Malawi: Anti-Wildlife Crime Task Force in the Offing


By Kondwani Magombo, Malawi News Agency

Date Published

Lilongwe — Malawi Government in conjunction with the country’s law enforcement agencies will soon form a task force aimed at combating the growing wildlife crime in the country.

The development followed a meeting government, through the Ministry of Tourism and Culture held on Monday in Lilongwe with stakeholders to chart the way forward in the fight against wildlife crime in the country.

The agencies government engaged included the Judiciary, Malawi Police Service (MPS), Malawi Defence Force (MDF), Malawi Revenue Authority (MRA), the Anti-Corruption Bureau Lilongwe, Society for the Protection and Care of Animals (LSPCA), and the Department of Wildlife and Parks and the Immigration Department.

In her keynote opening address, Principal Secretary (PS) for the Ministry of Tourism, Elsie Tembo, said the population of the country’s flagship species such as elephants and rhinos had been in a state of decline or locally extinct, hence the need for government and its partners to step up efforts in fighting wildlife crime.

“Tourism industry in Malawi cannot do without the complete set of the Big Five,” observed the PS, adding, “We are meeting to kick-start a sustainable inter-agency collaboration and networking cognizant of the fact that cooperation has existed.”

She said government hoped to start the inter-agency collaboration locally before going regional and then global.

Tembo noted that over the years, the population of elephants in Malawi had decreased from around 4,000 to fewer than 2,000 with Liwonde National Park having the highest population of around 800 elephants.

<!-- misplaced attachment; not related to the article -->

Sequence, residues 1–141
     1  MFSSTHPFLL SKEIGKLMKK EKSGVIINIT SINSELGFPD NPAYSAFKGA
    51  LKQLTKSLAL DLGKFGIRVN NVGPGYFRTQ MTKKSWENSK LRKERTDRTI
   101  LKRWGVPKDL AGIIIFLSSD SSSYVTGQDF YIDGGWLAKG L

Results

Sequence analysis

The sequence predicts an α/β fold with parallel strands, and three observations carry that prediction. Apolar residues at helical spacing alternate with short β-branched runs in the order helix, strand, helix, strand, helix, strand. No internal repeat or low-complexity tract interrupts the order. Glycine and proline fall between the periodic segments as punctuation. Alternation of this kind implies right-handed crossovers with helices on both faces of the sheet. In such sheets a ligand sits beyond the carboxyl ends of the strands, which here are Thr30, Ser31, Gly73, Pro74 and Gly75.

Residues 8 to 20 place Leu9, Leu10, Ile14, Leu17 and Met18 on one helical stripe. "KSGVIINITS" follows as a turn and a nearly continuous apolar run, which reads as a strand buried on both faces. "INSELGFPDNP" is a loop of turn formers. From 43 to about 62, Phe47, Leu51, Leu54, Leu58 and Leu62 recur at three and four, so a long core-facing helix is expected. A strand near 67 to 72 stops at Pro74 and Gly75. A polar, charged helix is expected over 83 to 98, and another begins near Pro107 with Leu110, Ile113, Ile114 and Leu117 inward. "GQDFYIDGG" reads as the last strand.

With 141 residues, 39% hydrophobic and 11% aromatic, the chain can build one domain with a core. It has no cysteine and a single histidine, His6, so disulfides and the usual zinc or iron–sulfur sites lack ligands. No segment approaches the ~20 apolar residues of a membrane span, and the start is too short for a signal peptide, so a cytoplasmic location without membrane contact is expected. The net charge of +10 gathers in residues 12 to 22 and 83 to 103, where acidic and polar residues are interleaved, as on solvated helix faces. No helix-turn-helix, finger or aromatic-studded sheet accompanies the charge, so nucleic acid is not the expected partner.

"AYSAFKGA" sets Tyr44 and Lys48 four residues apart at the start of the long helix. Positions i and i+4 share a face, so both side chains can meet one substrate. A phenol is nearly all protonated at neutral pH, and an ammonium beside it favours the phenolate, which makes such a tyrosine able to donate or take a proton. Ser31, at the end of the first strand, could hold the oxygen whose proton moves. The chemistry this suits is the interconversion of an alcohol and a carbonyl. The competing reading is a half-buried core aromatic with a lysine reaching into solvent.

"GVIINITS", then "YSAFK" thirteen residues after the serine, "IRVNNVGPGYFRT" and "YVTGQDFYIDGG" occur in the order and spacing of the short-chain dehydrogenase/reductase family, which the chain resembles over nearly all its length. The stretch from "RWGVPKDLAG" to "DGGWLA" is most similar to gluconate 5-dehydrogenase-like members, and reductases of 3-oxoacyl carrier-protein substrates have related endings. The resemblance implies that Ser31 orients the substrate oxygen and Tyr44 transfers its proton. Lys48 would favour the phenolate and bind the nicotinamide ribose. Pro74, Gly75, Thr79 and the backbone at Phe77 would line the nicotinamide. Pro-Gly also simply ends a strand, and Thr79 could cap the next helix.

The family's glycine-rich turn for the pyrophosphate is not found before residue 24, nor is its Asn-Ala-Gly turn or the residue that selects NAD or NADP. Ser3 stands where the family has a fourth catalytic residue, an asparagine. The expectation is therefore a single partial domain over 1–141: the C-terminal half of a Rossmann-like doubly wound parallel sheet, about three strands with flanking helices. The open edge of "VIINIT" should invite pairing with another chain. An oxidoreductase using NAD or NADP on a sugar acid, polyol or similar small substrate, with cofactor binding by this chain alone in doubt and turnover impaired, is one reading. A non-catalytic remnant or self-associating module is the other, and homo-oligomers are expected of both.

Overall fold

She further observed that in the 80s, Kasungu National Park used to habour more than 2,000 elephants but she noted that recently the population had declined to about 200 due to commercial and consumptive poaching.

The PS said with poaching and illegal wildlife trade becoming more intense, organized and sophisticated, enforcement agencies locally and globally needed to work more closely for them to be able to bust crime syndicates and even net kingpins who remain largely obscure and almost unreachable.

“We should now be looking forward to an active, broader and encompassing enforcement local network of law enforcement agencies,” explained Tembo.

Between 2011 and 2014, twenty-three arrests were made at Kamuzu International Airport alone, with 69 pieces of ivory confiscated, while in May 2013, MRA intercepted 781 pieces of ivory (2.6 tonnes) that originated from Tanzania and Malawi was used as a conduit.

Another wildlife crime currently worrying government is the massive smuggling of water turtles from Lake Malawi to South-East Asia, where they are consumed as a delicacy, according to PS Tembo.

The meeting resolved to form a taskforce at another meeting tentatively scheduled for April 16. The taskforce would co-ordinate the efforts of all the enforcement agencies in the fight against wildlife crime across the country. LSPCA and the Royal Society for the Protection and Care of Animals (RSPCA) are the financiers of the stakeholder meetings.

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